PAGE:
While going back through my files to scan old newspaper articles for clips, I came across a lot of stuff I hadn’t seen in a while. The photos of me and Jill in Solvang, for example. However, I also thumbed through an odds-and-ends collection that I had hurriedly labeled “artsy shit” when I set up my filing system last year in an effort to organize my life. (The files, by the way, have not been added to since and everything keep-worthy from the preceding year is sitting in one big pile, next to the file box.) Included in the artsy shit file is a lot of stuff that I did in art studio classes at UCSB — none of it worth putting on the wall, really, but also none of it being anything I felt like throwing away.

One of the things I apparently decided to keep is the following image:

It’s a woman. She has rabbit ears. Her name, apparently, is Dorothy. It’s drawn in black marker on an otherwise blank index card. There’s nothing written on the back. I found a few other index cards in the folder that look like they might have been part of the same assignment, but for what class and for what purpose I can’t remember. Most of the images on the other cards look like something I had copied down from somewhere else. Maybe that was the assignment. Maybe I’m a plagiarist.

In any case, this image in particular has intrigued me a great deal. You’d think I’d remember a woman with rabbit ears, especially one who looked rather down about it. If anybody can fill me in on who Dorothy is and where I may have encountered her, I’d appreciate it. I'm half-temped to xerox some copies and post them around the neighborhood with the words "Have you seen this woman?" written on it, if only to see what kind of response it might get.

Thursday, July 6, 2006

Straight From the Dog's Mouth

A quick note: This eventually does get interesting in the fun way that esoteric pop-culture looping back in on itself can be. You just have to stick with the story through a brief dive into the sewers of geekdom.

Off and on — and on various Nintendo systems for the past few years — I’ve played the Animal Crossing series. It’s a neat little simulation game where you live in a town populated by animals. That’s it. There’s no real challenge, no danger, no turtle dragon throwing hammers that you have to trick into eating bombs in order to save the planet. The enjoyment factor hinges entirely on the way your character interacts with his critter-neighbors and the environment they all live in. Sounds lame, yes, but it works. Anyway, one of the various personalities who from time to time strolls through town is K.K. Slider, a guitar playing dog known in Japan as “Totakeke.” He looks like this:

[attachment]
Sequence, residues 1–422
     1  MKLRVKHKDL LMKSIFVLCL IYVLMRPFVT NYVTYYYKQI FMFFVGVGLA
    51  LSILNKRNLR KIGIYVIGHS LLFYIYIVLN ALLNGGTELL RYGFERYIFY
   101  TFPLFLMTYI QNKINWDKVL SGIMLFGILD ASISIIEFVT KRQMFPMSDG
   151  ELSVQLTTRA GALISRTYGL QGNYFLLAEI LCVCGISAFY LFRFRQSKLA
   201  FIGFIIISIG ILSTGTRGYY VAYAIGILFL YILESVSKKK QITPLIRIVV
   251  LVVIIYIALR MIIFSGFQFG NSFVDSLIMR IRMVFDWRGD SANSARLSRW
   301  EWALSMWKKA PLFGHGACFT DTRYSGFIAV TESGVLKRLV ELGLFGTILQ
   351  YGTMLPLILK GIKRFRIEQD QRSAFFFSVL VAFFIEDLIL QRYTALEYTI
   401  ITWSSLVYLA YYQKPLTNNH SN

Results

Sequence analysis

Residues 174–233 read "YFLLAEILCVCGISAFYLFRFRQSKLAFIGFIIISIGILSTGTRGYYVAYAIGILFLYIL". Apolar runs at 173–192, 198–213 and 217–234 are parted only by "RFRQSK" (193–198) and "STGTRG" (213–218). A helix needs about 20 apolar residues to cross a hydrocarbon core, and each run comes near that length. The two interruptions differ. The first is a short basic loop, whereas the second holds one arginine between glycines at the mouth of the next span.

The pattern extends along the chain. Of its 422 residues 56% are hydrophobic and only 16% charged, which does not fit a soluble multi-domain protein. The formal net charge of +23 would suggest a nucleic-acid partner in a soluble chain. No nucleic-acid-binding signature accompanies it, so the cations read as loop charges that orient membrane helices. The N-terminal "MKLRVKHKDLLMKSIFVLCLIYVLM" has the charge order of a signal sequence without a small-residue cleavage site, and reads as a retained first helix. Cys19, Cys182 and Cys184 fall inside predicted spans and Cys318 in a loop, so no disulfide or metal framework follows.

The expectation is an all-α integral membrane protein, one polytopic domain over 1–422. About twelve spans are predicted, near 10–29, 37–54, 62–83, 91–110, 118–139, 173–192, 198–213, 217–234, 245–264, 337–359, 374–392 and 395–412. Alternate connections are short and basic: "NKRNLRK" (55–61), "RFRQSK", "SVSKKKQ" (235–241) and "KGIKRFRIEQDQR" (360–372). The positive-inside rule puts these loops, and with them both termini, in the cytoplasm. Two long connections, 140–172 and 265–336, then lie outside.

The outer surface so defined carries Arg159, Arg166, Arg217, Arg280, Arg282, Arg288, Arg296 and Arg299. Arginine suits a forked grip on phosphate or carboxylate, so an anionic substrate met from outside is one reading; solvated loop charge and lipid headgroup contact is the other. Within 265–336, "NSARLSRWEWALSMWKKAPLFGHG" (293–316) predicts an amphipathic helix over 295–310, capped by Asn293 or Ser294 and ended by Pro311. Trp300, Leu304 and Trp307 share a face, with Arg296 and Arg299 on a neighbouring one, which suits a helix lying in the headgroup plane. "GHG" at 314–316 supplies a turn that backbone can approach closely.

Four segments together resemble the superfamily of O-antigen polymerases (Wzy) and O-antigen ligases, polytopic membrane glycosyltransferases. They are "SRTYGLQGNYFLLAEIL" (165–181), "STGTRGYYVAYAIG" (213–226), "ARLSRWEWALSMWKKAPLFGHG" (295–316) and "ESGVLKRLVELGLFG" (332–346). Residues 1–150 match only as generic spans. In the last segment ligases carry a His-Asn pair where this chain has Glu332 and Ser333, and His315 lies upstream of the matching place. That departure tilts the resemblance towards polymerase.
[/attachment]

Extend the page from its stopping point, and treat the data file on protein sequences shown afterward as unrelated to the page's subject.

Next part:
When you speak to this dog, he will play a song for you that, in a purposefully crude manor, mimics the sound of various pop music genres. “K.K. Western,” for example, sounds like “Ghost Riders in the Sky,” while “K.K. Rockin’” sounds like “Johnny B Goode.” Regardless of the genre, any song K.K. Slider performs consists of strummy guitar synth and a funny electronic-sounding voice sample. It’s quite distinctive. Then, adorably, he slips your character a bootleg of the performance, claiming he doesn’t want to appease the music industry fat cats. (And in this game, they probably really are cats, too.)

Anyway, this little guy has enjoyed a certain cult popularity among people who like video games. He’s not the game’s main character, and if you don’t know where and when he appears, you could easily enjoy your copy of Animal Crossing” without ever interacting with him. However, his innate novelty and the fact that he is a subtle reference to a rather prolific video game music composer named Kazumi Totaka have given him a following dedicated enough to know him if they heard him.

And then they did hear him. And they weren’t playing video games.

An article titled “Are the Pet Shop Boys Secret Nintendo Fans?” ran this week on the Discopop Directory website. The article notes that “Minimal,” the next single from the Pet Shop Boys’ album Fundamental, contains some sound effects that sound a lot like this little singing dog.
[ link: the Discopop Directory article ]
Check it out. The page offers sound samples that are pretty hard to argue with. I just like the thought of the Pet Shop Boys being found out and being surprised that anybody would both play this game and listen to their music.

Oh wait — that never got un-dorky, did it?

Saturday, July 1, 2006

Drew's Accidental Managerie

So a short while back, this white girl Kat — Kat! — drops an image comment on one of my MySpace photos. She complimented the image of me with the frog on my arm, then noted that she enjoyed my animal series in particular. I had no idea what she meant by animal series, so I looked at what I have up on MySpace. To my surprise, I’ve inadvertently made my last six photos animal related. Total accident.

Starting at the back and moving forward, we have Cowboy Drew, the most tangential of animal associations, I know, but still.

Then we have “Prance Closer,” my elk throwing up cubes painting.

Then Kristen and I in front of a bear skin rug at Cold Springs Tavern.

Then me riding the big ram statue outside the National Geographic building in D.C.

Me jumping with a stuffed gorilla at Kami’s house. You know, like you do.

Me and KangaDrew

And finally the lovely tree frog photo that got Kat’s attention in the first place.

So I guess it should come as no surprise that my newest photo, which I uploaded yesterday, also prominently features an animal. May I present Drewraffe?